Some of that reversed thunder landed on our planet this week. Some reversed thunder poured out on Ferguson, Missouri, this week. Where four years ago, Christ the King UCC opened their doors and welcomed a grieving community. Rev. Traci Blackmon and so many other people of faith have been crying out to God since Mike Brown was killed, since police met community grief and anger with war-level weaponry, since the Prosecutor failed to get an indictment against the officer who shot unarmed Michael Brown dead in the street. This week, some prayers mixed with holy fire got poured back down on the community. And Bob McCulloch, that seven-term white county prosecutor lost his primary race to Wesley Bell, a Ferguson City Council member who is black. Some kind of reversed thunder visited that community. Cries of suffering were heard. While the “reversed thunder” of John’s revelation toes no partisan line, it does serve a liberating God though. We’re part of seeing it get poured out on the earth. John’s vision gives us a place to take our pain, our anger, our cries for help. John’s vision helps us tell the truth that monsters are real, that evil is real. And John’s vision gives us room to be reminded that our prayers don’t go unheard. (Pause)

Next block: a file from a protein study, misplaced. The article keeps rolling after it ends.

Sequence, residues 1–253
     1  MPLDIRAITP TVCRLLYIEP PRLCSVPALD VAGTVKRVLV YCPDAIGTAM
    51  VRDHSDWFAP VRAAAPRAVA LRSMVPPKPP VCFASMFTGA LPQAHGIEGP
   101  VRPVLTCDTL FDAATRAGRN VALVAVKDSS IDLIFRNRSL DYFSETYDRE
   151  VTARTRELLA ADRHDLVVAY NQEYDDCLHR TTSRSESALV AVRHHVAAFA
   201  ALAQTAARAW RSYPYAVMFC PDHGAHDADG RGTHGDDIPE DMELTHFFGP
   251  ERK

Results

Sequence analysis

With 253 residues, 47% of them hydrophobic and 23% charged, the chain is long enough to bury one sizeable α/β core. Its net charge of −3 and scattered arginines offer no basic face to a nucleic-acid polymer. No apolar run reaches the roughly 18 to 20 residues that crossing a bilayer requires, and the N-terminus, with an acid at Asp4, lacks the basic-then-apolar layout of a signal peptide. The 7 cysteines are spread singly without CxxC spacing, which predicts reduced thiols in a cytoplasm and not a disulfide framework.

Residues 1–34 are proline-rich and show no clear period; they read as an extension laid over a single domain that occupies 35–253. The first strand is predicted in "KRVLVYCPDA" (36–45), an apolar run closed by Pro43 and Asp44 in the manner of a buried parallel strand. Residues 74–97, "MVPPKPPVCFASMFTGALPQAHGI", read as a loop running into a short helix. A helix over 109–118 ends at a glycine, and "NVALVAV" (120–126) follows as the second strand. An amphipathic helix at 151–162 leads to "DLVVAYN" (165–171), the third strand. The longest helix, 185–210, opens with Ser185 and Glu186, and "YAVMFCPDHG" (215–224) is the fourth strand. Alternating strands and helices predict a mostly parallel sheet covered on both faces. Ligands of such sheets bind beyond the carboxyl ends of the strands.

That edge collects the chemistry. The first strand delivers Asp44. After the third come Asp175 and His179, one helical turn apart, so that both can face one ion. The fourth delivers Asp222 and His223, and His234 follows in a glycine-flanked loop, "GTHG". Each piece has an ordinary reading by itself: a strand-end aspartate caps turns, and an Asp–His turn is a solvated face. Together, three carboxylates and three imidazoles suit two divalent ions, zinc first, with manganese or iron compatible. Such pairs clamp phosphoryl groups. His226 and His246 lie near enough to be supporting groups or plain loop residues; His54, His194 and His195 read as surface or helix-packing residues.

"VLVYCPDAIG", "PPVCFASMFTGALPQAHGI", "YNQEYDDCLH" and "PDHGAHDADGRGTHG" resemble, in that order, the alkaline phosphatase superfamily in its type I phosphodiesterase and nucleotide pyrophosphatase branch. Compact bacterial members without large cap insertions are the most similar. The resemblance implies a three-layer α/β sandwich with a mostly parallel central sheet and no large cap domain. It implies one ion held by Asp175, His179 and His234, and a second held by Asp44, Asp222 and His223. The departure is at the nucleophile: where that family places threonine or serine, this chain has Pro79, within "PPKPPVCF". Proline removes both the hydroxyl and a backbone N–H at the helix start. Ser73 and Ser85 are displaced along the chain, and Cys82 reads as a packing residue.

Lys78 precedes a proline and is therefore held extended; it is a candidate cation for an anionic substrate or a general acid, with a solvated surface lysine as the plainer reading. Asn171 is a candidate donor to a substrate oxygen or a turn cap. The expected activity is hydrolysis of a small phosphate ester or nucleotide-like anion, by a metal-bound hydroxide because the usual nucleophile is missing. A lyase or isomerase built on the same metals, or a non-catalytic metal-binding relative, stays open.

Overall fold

By the end of this morning’s reading, there are seven trumpets ready to blow. The last time that happened in our biblical story, walls fell down. The power of God encircles a city, and at the sound of those trumpets, at Jericho, the walls crumble. John’s vision gives us a place to take the pain and suffering and trauma of this world and watch it get transformed with prayer – not to the passive patient endurance we’ve so often been told to accept, but into the nonviolent resistance that follows the lead of an executed Lamb who still stands to tell the truth that God is for life.








[1] Eugene H. Peterson, Reversed Thunder: The Revelation of John and the Praying Imagination, (New York: HarperOne, 1988), p. 76.

[2] Tania Runyan, “The Fourth Horseman of the Apocalypse,” What Must Soon Take Place, (Brewster, Mass.: Paraclete Press, 2017), p. 45.

[3] Blount, p. 120.

[4] Blount, p. 120.

[5] Tania Runyan, “En Route, Tikrit,” What Will Soon Take Place, p. 65.

[6] Brian K. Blount, Revelation: A Commentary, TNTL (Westminster John Knox Press: Louisville, 2009), p. 135.

[7] Peterson, p. 81.

[8] Eugene Peterson, Reversed Thunder: The Revelation of John and the Praying Imagination, p. 95.

[9] Peterson, quoting George Herbert, a “reversed thunder,” p. 88.